Thankfully, today’s passage from Obadiah doesn’t leave us there – in a place where we could be content to simply gloat over the downfall of an enemy. No, the passage ultimately reminds us what’s really important – that a rule (or way of being) be established “that honor’s God’s kingdom” (Obadiah 21 from The Message). That bottom line helps get my thinking back on track.

Perhaps you have someone in your life who pushes all of your buttons – someone whose downfall you are secretly even hoping (dare I say praying) for. If that’s the case, I would encourage you to quit personalizing the situation and let go of your simmering animosity. Re-channel your energies into praying for something far more important: the establishment of a world “that honor’s God’s kingdom”. Til next time…

Tuesday, November 24

Today’s Readings: Psalm 12; Nahum 1:1-13; Matthew 19:13-22; 1 Peter 1:13-25

Like many progressive Christians, I struggle with knowing what to do with the traditional language of atonement theology. By that I mean I struggle to know what to do with words that suggest Jesus was a blood sacrifice offered in order to make up for humanity’s sin - language such as that contained in today’s passage from 1 Peter that reads: “For you know that it was not with perishable things such as silver or gold that you were redeemed from the empty way of life handed down to you from your forefathers, but with the precious blood of Christ” (1 Peter 1:18-19 from The Message).

I struggle with the “blood” language because I can’t help but resist the notion that the only way God could take God’s relationship with humanity to a new level was through such an act of sheer brutality.

As I sat with my resistance to atonement theology today in my time of centering, I began to experience the word “blood” in a new way. I began to think of it not as a ticket meant to be cashed in to purchase one’s redemption but rather as the ultimate expression of Jesus’ love. It is that love that takes me to another level of awareness/being in my relationship with God.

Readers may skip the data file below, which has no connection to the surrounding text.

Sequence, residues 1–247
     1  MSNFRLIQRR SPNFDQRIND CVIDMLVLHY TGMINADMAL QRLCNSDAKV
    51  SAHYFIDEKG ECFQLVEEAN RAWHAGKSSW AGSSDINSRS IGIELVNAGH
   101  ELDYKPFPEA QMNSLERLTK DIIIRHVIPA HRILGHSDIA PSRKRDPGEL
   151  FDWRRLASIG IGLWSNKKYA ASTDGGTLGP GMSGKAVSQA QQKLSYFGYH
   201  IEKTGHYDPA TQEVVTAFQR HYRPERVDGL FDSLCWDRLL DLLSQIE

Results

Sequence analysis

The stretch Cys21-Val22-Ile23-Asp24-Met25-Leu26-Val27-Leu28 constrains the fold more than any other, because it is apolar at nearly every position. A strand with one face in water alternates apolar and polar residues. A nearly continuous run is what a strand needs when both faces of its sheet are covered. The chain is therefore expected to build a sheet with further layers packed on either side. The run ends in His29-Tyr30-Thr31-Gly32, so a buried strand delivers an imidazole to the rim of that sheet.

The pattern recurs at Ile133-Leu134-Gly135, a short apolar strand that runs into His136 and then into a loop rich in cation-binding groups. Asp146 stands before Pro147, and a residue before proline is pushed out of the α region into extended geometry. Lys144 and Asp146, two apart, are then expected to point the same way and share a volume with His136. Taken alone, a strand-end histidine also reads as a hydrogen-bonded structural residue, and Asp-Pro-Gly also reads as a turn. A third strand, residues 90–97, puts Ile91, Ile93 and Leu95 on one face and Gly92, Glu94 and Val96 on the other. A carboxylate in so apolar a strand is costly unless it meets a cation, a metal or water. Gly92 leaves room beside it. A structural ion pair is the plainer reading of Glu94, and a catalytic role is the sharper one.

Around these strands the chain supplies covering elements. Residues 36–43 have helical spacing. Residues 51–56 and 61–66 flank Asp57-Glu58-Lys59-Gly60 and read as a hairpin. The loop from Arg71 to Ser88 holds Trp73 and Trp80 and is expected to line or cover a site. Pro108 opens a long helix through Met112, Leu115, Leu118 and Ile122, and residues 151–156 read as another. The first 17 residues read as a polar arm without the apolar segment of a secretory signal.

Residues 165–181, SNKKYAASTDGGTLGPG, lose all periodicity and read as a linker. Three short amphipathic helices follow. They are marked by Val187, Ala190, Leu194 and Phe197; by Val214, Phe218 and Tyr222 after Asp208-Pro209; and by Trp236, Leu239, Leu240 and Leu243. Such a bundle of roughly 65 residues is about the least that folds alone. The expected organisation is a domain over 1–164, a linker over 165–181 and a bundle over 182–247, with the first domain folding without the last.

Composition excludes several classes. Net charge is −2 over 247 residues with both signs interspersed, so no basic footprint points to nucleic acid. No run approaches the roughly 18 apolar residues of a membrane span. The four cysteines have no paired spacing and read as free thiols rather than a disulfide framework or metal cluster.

That means I read the culminating words of 1 Peter 1:18-19 as: “For you know that it was not with perishable things such as silver or gold that you were redeemed from the empty way of life handed down to you from your forefathers, but with the previous [love] of Christ”. That’s where I can find value in such words.

Enough of my ramblings about this thing called atonement theology. How do you view it? That’s a question that should keep you engaged throughout the day. Til next time…

Monday, November 23

Today’s Readings: Psalm 62; Joel 3:1-2, 9-17; Matthew 19:1-12; 1 Peter 1:1-12

It would be nice if the most meaningful lessons from life came during easy times. Unfortunately, that’s not always the case. Sometimes the most important learnings we live into are those that happen during the tough times. I learned this during my sophomore and junior years of high school.

You see I had been born with a condition called club feet. That means that in my case both of my feet were bent virtually backwards. I had a series of corrective surgeries at the Shriner’s Hospital during my first year of life. The surgeries went well, and I was soon able to do the same things as the other kids. I loved sports and participated in football, wrestling, and tennis from the time that I was in the third grade on. In addition to the fun I had playing the sports, I also got to experience what it was like to be in the popular crowd.

Then, during my sophomore year of high school, the doctors told me I needed to undergo another series of corrective surgeries. These surgeries interrupted my participation in sports during my sophomore and junior years of high school. I went from being one of the insiders because of my identity as an athlete to being pushed out to the outer rings of some of the same social circles.

Through the experience I learned that popularity usually isn’t just about who you are as a person – your degree of popularity is also linked to your access to things like money, power, and social status. It was a tough – but helpful – lesson for me to learn at the ripe old age of 15. I was able to become a stronger, more empathetic person because of that difficult experience.

I was reminded of that experience as I read the author’s words from 1 Peter today when he wrote: “Pure gold put in the fire comes out of it proved pure; genuine faith put through this suffering comes out proved genuine” (1 Peter 1:6 from The Message). Perhaps you’ve had a similar experience – a time of difficulty when the content of both your character and faith was forged. If so, I would invite you to sit back and reflect on how that experience allowed you to come through it with a better understanding of yourself and your faith. Til next time…